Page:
While Haar realistically depicts the few joys in the life of these men, he also captured scenes of a more dramatic nature. Every now and then police officers suddenly show up to patrol the hills in search of illegal workers, which creates substantial panic among the Palestinians. To them, the sound of a siren means abandoning camp and running as fast as possible. Another captivating sequence follows a group of men trying to get one of their sick buddies to the nearest hospital. Haar's handheld camera often shakes a little too much for viewers to clearly experience what is going on, but at least it adds a sense of real-life suspense.
Haar has done a great job exploring the misery of these workers, but one thing the movie is missing is a broader context. Digging too much into the tension between Israel and Palestine would probably have reduced the power of the movie, but Haar could have added a little more background information as to why these Palestinian workers have to face this brutal lifestyle. Looking at it that way, 9 Star Hotel only offers one side of the situation. I'm sure at one stage during the movie you wouldn't mind finding out how these men ended up there in the first place. Although Haar touches on this later in his interview, it's certainly a significant detail that's missing from the film.
Haar didn't really have a budget to make the film and used basic material during the shooting, which explains why the quality of the image is not the best. Considering the thematic of the movie, this is not a big issue at all. The picture is clear, and even the night shots are crisp and well lit enough for viewers to observe what's going on. The film lacks a soundtrack and offers little dialogue, but the audio transfer works just great.
Besides a short theatrical trailer, the bonus material on the disc also includes an insightful six-minute Q&A session with Ido Haar, who presented 9 Star Hotel at the 2007 Tribeca Film Festival. Haar further explains how difficult it was for him to establish trustful contact with the construction workers, and why he chose to spend an entire year living with them. Interestingly, he also briefly discusses the human and social aspects of the film, explaining what happens to those caught and arrested by the police. The interview is undoubtedly a great asset because it allows Haar to step beyond the film and supply his viewers with additional information about his project. Most of what he says could have easily been included in the film, but as I mentioned earlier, Haar never considered a voiceover and chose not to interfere at all during the filming.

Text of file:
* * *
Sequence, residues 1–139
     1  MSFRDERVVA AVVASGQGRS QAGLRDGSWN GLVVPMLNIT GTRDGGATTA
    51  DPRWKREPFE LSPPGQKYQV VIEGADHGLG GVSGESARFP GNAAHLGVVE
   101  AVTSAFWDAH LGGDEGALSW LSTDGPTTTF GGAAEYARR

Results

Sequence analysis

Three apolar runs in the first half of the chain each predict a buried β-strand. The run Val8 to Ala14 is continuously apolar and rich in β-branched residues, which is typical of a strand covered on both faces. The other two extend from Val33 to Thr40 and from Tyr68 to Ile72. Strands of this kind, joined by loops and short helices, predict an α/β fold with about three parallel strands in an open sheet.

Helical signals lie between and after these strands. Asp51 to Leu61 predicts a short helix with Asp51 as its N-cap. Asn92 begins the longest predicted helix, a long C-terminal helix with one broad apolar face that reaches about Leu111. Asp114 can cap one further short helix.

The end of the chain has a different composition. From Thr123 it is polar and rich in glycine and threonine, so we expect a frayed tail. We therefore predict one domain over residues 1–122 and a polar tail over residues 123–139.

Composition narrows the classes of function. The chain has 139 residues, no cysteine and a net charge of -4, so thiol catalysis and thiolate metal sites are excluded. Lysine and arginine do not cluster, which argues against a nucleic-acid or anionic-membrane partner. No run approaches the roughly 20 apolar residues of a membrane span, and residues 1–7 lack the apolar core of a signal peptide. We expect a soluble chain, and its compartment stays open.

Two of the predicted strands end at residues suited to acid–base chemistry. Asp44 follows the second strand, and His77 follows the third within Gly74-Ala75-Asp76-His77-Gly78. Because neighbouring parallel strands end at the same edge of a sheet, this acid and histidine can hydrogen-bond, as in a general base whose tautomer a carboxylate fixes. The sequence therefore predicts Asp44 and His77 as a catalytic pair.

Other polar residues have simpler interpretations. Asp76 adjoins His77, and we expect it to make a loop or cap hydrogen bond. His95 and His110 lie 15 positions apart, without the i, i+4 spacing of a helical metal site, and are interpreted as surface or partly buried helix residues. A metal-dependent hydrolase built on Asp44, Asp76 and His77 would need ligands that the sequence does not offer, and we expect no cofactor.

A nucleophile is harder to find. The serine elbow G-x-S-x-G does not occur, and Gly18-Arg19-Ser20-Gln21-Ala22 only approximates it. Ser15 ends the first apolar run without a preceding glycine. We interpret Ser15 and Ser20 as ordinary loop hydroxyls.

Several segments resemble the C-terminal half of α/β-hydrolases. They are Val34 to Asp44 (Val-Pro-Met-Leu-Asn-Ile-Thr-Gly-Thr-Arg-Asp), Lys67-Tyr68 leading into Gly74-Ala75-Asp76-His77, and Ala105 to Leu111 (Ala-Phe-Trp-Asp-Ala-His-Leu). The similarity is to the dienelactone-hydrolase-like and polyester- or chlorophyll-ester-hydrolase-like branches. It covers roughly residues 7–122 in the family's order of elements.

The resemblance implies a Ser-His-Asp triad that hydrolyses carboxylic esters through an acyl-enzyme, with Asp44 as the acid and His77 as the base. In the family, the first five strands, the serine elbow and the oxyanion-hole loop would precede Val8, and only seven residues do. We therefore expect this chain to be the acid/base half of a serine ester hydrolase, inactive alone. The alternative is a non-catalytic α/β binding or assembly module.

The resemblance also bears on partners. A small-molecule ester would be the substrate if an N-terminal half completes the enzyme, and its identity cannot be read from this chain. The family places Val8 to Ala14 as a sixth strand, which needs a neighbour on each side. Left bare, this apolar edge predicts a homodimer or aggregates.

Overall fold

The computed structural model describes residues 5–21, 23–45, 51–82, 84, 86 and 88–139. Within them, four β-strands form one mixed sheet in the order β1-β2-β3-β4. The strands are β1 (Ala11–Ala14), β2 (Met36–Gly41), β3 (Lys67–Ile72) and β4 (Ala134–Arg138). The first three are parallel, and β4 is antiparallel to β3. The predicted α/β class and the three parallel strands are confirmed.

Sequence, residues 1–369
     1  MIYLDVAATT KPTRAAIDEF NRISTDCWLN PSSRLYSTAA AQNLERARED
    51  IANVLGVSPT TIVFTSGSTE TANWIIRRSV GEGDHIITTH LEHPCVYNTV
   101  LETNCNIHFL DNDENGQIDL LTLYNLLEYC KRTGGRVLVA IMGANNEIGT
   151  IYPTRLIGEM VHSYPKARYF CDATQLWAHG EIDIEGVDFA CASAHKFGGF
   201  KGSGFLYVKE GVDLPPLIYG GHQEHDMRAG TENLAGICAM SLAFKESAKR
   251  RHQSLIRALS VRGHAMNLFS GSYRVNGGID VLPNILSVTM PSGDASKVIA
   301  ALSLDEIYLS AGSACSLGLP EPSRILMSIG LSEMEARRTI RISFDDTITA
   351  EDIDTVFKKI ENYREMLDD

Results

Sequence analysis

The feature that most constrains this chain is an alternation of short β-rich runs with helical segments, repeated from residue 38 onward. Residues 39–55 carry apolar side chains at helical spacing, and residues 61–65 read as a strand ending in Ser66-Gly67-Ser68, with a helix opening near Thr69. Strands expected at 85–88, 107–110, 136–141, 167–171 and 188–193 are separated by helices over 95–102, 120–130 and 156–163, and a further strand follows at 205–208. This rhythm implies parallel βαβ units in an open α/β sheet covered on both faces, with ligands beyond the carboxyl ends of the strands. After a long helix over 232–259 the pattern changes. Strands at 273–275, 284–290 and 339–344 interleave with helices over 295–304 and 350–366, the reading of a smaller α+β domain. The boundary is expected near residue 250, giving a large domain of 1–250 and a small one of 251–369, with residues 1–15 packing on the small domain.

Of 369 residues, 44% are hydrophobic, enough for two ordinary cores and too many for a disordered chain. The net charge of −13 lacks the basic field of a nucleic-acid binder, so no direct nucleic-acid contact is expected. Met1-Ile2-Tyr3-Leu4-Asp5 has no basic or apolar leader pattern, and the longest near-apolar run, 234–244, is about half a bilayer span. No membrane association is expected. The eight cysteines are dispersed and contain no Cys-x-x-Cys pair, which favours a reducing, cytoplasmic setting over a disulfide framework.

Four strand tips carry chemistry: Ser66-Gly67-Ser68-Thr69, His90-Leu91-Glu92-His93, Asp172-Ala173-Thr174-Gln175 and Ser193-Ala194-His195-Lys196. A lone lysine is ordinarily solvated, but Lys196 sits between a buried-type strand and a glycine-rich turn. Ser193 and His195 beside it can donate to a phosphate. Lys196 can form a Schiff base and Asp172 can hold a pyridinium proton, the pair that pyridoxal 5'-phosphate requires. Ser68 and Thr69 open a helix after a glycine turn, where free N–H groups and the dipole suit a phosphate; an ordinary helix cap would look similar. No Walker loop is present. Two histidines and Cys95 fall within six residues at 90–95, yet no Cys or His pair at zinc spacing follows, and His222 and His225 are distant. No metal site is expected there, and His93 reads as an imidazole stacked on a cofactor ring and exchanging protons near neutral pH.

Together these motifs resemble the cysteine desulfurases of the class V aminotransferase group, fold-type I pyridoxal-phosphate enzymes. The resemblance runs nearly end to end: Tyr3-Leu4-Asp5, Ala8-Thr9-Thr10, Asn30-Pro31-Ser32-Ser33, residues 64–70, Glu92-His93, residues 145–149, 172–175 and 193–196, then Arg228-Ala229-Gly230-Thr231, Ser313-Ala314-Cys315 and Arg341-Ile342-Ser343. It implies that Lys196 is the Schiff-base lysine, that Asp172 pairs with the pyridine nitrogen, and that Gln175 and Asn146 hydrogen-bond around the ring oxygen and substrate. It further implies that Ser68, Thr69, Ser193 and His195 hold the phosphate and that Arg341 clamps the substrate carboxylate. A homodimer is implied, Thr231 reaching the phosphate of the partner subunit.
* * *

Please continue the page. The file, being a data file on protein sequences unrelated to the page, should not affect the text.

The narrow focus of the movie could have been expanded to enable audiences to explore the many reasons behind the long-lasting Israeli-Palestinian conflict and its consequences, but Ido Haar really wanted to zoom in on the lifestyle of this particular group of construction workers. The end result works just fine, offering its viewers a quite staggering look at young men who have no choice but accept their misery and struggle to make it through the day safe and sound.
Review content copyright © 2008 Franck Tabouring; Site layout and review format copyright © 1998 - 2014 HipClick Designs LLC
Scales of Justice
Studio: Koch Lorber
* Full Frame
* Dolby Digital 2.0 Surround (Arabic)
Running Time: 78 Minutes
Release Year: 2007
MPAA Rating: Not Rated
* Original Theatrical Trailer
* Interview with Director Ido Haar